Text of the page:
Mavericks are creative and imaginative, and they’re great at approaching situations from fresh, new angles. Steve Jobs is an iconic example of a maverick. Instead of merely improving existing systems, he reinvented the system. Some of his methods and ideas were controversial, simply because they were so revolutionary, but there’s no denying that they turned out to be groundbreaking.
3. Willingness to take risks
For an example of a successful risk-taker in action look no further than Richard Branson, who took a huge risk when founding Virgin Atlantic. Virgin entered the market as a direct competitor of British Airways, a bold move that likely made Branson feel quite uncertain as to whether he’d succeed. The company experienced significant financial losses in its early days, and many were pessimistic about its future, but Virgin went on to become the venerated brand and financial success that it is today.
Branson’s willingness to take risks is a large part of what makes him a maverick. Being a maverick isn’t about luck, and according to Gardiner and Jackson, it’s more than just having an idea or a hunch pay off. It’s about taking real risks, and achieving success — often in a way that is unique and unexpected.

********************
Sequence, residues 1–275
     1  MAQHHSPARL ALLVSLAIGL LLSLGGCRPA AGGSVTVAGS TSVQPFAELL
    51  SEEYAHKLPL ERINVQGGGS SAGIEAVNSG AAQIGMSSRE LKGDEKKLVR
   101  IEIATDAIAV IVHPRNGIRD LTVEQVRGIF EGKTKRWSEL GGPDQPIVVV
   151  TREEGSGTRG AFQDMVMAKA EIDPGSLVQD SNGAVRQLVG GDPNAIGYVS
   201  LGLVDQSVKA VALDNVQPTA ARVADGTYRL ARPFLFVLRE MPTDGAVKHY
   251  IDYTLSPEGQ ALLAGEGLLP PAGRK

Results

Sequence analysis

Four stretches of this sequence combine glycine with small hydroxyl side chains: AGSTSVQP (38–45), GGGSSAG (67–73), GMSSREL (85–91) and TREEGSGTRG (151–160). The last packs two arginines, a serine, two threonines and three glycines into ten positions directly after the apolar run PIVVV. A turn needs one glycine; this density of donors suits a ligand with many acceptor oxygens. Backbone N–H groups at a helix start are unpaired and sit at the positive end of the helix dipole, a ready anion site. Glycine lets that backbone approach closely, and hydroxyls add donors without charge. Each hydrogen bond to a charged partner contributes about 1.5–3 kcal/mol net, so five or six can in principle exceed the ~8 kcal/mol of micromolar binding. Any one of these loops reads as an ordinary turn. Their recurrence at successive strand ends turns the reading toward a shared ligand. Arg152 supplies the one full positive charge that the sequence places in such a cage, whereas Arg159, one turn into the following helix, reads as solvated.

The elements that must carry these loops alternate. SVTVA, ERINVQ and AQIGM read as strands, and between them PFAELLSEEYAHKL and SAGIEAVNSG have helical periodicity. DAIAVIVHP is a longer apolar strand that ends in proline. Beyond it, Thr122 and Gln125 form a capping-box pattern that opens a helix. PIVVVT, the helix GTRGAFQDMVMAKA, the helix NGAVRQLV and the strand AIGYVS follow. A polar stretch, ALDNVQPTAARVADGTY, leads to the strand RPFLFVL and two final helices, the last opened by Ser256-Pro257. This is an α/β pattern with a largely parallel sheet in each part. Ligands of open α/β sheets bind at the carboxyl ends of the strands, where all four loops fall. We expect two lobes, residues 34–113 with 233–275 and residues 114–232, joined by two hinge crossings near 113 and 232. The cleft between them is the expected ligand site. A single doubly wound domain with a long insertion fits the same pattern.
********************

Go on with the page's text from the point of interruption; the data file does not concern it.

4. Big picture oriented
Mavericks often tend to be “big picture thinkers.” They’re strategic and visionary, constantly coming up with new ideas and projects, and are extremely goal-oriented, generally possessing a low tolerance for tedious errands and mundane activities. Mavericks are most in their element when strategizing or working towards completion of their latest project. Knowing the big overall goal helps mavericks keep their eye on the prize.
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5. Unafraid to break rules
Gardiner and Jackson’s research suggests that often, mavericks are willing to ignore convention, and even break the rules in pursuit of their goals.